My Cousin Vinny is probably most known for the rumor/joke about Jack Palance (Companeros) mistakenly reading Marisa Tomei’s (Oscar) name, resulting in her getting an Oscar for Best Supporting Actress undeservedly. The film is a cable staple, still showing up on basic cable channels quite often (this reviewer himself watched it on FX Movies).
Directed by Jonathan Lynn (Clue), the film is an amusing but unexceptional comedy. New Yorkers and college freshmen Bill Gambini (Ralph Macchio, The Outsiders) and Stan Rothstein (professional TV Guest Star Mitchell Whitfield) are driving from New York to California. Unfortunately, due to a case of mistaken identity they are arrested in Alabama for the murder of a convenience store clerk. Bill’s mother sends his lawyer cousin Vinny (Joe Pesci, Casino) to defend him. Only, Vinny’s not just a fish-out-water, but he’s also never tried a case, never mind a murder-he only passed the bar six weeks earlier…on his sixth try. Can he, with the help of his fiancé Mona Lisa Vito (Tomei), learn the ropes of his profession and gain his bearings in time to save his cousin?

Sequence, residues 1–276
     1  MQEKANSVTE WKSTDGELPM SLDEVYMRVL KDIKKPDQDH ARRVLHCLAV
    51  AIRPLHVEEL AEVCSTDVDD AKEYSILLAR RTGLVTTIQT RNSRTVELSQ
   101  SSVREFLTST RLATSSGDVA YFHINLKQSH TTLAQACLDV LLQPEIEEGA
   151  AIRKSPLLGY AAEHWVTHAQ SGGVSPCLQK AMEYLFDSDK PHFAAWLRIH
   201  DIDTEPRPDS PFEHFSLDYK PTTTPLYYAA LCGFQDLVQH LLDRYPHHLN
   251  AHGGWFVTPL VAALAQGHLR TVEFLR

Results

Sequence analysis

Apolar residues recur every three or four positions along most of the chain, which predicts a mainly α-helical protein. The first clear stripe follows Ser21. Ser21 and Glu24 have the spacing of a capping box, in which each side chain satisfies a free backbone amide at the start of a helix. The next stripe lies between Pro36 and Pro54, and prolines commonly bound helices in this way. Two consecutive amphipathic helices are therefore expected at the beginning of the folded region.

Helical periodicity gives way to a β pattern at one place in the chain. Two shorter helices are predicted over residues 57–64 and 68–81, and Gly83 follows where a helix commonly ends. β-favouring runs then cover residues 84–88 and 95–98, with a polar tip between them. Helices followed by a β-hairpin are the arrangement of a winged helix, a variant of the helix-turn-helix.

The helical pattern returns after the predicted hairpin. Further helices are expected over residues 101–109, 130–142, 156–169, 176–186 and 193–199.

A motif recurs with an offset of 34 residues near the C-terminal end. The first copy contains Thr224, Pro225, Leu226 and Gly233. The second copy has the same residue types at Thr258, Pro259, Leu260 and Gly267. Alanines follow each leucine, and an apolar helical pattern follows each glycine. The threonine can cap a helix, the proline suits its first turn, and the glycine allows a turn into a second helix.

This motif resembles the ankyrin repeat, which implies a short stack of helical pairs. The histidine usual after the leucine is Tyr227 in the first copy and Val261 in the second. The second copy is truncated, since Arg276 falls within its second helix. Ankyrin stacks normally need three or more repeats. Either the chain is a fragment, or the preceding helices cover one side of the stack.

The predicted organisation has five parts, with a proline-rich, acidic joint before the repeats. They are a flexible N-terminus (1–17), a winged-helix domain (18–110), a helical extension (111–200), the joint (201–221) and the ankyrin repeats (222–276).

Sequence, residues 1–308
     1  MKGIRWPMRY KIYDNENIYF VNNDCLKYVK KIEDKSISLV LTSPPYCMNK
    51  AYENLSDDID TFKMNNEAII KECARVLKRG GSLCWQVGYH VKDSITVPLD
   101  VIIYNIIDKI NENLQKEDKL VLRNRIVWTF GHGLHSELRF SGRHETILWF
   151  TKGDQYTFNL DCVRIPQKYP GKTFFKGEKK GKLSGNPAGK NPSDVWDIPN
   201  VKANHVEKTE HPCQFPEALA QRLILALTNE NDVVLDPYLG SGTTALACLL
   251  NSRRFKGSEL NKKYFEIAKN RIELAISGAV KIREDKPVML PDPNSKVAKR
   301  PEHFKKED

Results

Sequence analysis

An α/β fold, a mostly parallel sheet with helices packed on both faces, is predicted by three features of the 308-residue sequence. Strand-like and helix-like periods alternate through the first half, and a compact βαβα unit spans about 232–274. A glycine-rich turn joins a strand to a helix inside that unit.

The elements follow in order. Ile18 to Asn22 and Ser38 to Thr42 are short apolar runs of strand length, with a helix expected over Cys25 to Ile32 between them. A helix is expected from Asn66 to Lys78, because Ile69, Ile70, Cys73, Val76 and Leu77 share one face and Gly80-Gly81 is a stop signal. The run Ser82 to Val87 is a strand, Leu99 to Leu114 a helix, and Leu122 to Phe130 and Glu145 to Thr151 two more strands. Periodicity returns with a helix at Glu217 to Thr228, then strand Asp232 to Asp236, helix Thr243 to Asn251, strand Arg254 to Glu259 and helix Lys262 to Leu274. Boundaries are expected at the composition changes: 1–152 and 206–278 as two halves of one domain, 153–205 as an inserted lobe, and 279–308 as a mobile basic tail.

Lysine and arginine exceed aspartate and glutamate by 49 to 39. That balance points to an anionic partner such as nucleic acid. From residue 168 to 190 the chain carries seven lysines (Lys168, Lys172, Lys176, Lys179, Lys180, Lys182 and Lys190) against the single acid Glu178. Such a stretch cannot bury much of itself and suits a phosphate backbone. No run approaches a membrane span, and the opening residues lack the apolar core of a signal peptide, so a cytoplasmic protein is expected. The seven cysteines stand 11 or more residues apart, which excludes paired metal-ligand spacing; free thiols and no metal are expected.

My Cousin Vinny is best when trading in dueling stereotypes and whenever Tomei, or the less acclaimed but just as scene-stealing Fred Gwynne (Car 54 Where Are You?), is in the scene. Gwynne plays a by-the-book judge who demands that Vinny straighten up and tone down his flamboyant style. The film is at its worst when it dips into the “sitcom comedy playbook” or moves into sentimental territory. The completely generic score by Randy Edelman (Drop Dead Fred) doesn’t help much in this department. Some excellent character actors round out the cast, including Lane Smith (Red Dawn) as the smarmy good-old-boy prosecutor, Austin Pendelton (Skidoo) as a stuttering public defender, and Bruce McGill (The Hand) as the sheriff. My Cousin Vinny is the perfect cable movie: good enough to amuse you if it’s on, not worth seeking out on its own merits.